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Next Generation Indie Book Awards 2023 Finalist: Regional Non-Fiction
Bringing back memories
Struble's ability to remember specifics about people and incidents from the 1950s – 1960s is remarkable. Having grown up in the same city only blocks away, to read Tales from a Mid-Century Boy took me back to my own memories and highlighted some I didn't recall yet were vaguely familiar.
Memories that more than likely would have remained buried if not for Struble's uncanny ability to bring to the surface even the most miniscule details bringing people and places back to life today. ~ Rebecca McAlpine, Michigan
About the book
Short stories, poems, and narratives mostly about a ten- to sixteen-year-old boy growing up in Durand, Michigan, a small mid-western town during the 1950s, and summers spent at the family cottage on Tawas Point in "up north" Michigan, at a time when kids were free from the fear that dominates the world we live in today compared to the ultimate freedom kids had during mid-century America. The freedom to roam far and wide on bicycles seeking "pick up" games of sports, fishing, and exploring the world of nature all day. Every day. With one requirement: Be home in time for dinner. The boy in Tales From a Mid-Century Boy shows readers what it was like growing up in Mid-Century America. It acknowledges how lucky we were to have been a kid growing up in America during the golden years, 1950-1965.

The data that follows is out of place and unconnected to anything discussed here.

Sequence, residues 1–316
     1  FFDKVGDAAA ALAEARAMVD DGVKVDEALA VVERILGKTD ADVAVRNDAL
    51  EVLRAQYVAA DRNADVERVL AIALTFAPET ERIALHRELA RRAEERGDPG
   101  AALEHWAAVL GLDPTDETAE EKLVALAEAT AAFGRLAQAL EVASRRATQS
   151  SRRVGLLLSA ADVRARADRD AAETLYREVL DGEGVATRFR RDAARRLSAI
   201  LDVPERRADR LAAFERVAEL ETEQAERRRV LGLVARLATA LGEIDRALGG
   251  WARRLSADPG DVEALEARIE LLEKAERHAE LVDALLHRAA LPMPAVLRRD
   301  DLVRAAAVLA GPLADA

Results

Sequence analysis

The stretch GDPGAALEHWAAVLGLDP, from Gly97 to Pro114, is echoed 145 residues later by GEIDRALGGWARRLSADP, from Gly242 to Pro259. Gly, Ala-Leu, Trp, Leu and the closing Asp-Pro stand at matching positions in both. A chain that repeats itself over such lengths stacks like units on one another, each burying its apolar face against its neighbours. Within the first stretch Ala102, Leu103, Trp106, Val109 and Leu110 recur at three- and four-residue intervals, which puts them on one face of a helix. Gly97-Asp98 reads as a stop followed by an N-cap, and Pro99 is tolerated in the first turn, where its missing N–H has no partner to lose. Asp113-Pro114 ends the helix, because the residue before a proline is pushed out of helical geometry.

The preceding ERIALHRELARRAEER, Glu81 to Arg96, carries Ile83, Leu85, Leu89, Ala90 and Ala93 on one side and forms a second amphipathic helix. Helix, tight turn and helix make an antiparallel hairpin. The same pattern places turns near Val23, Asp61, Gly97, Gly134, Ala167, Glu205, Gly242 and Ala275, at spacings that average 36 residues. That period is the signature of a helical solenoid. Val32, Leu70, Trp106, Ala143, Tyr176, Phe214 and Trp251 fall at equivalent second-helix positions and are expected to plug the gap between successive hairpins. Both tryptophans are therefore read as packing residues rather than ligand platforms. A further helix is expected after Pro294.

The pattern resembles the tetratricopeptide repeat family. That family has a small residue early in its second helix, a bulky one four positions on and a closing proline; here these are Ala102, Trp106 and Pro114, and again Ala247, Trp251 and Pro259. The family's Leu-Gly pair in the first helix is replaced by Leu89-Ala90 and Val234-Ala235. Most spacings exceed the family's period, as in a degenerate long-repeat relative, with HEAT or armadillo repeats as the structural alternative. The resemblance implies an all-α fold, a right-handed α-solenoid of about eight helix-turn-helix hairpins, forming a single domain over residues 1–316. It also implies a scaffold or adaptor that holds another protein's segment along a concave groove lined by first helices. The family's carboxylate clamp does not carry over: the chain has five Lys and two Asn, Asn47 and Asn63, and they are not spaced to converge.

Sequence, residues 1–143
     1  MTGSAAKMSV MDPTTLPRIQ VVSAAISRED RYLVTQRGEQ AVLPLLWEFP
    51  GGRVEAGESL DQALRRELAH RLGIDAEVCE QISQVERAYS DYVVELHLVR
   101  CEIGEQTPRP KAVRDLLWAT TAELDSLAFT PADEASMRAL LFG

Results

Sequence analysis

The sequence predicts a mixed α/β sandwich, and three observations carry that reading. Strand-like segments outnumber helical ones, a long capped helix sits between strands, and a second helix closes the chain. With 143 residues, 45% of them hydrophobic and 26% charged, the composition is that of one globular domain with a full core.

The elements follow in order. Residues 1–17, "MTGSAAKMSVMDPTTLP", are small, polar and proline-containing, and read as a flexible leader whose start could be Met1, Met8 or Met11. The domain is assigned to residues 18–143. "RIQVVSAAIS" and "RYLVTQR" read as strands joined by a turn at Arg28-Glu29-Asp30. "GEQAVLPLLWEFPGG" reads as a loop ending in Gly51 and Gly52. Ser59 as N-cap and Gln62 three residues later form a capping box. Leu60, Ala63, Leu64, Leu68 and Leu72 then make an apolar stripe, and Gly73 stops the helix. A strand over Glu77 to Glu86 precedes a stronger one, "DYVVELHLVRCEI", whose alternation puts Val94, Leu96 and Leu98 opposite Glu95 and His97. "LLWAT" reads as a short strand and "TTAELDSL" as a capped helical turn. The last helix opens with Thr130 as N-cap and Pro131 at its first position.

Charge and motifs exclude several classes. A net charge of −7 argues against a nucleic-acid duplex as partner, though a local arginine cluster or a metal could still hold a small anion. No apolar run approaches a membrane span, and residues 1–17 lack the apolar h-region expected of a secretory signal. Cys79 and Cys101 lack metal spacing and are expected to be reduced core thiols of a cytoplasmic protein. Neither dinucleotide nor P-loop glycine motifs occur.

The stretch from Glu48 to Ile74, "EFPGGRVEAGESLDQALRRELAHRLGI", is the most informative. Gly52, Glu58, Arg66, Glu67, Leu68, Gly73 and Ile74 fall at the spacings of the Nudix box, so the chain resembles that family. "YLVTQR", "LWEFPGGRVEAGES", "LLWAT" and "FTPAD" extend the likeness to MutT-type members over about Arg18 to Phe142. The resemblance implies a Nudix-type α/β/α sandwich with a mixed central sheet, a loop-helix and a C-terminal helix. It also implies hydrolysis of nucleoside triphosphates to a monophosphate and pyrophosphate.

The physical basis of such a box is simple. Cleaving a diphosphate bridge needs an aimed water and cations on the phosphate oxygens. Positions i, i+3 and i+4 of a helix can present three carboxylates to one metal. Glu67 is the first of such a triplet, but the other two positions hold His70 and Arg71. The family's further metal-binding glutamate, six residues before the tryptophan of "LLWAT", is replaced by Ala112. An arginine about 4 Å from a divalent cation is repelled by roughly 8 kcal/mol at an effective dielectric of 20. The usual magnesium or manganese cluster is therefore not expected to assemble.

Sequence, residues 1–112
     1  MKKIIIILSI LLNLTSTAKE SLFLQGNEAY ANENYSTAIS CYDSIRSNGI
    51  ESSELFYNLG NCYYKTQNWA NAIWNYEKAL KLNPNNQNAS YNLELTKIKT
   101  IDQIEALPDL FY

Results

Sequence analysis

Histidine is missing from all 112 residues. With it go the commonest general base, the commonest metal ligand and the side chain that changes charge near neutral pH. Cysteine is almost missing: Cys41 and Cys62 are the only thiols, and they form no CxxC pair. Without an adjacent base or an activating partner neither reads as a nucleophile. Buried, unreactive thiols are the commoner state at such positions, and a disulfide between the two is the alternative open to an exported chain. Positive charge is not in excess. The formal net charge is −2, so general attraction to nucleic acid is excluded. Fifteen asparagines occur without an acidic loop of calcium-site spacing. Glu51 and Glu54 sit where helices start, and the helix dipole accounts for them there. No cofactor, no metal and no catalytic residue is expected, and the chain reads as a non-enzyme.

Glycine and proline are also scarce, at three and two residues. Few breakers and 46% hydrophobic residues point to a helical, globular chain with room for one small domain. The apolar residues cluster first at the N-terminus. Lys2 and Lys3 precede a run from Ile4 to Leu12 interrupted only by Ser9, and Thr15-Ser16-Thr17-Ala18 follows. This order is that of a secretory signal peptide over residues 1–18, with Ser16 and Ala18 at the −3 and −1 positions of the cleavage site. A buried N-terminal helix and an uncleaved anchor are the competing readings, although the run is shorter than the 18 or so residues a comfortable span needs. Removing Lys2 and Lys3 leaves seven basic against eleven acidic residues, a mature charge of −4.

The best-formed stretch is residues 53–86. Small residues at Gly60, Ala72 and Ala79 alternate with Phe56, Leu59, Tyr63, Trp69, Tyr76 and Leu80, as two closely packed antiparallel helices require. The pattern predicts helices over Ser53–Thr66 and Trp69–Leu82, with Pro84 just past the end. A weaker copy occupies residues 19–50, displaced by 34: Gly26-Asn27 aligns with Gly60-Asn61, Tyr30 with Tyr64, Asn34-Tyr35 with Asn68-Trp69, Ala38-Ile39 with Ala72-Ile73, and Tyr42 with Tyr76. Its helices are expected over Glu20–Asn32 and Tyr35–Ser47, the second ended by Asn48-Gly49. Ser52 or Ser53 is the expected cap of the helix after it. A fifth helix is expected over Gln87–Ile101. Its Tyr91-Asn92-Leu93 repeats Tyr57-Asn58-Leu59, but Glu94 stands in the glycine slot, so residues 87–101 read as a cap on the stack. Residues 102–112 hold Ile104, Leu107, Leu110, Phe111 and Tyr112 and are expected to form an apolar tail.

About the author
Kurt Struble grew up in Durand, Michigan, population 4,500, the railroad center of the state, during a fifteen year window of time I call the Golden Age of America 1950–1965. Summers at the family cottage along the northern shoreline of Lake Huron on Tawas Point are the inspiration for most of my stories. In 1965, I graduated from the same high school as my parents, one grandfather, and a great aunt attended during the early 1900s.
After high school, Struble attended Eastern Michigan University in Ypsilanti, Michigan, where he received my B.S. Degree in psychology with a minor in literature in 1969. From 1969–1970, Struble taught third grade at the same elementary school he attended as a boy alongside teachers who taught him years before.
Retired now, Struble travels between Port Charlotte, Florida, a cottage in Tawas, Michigan, Atlanta, Georgia, Seattle, Washington, and all points in between.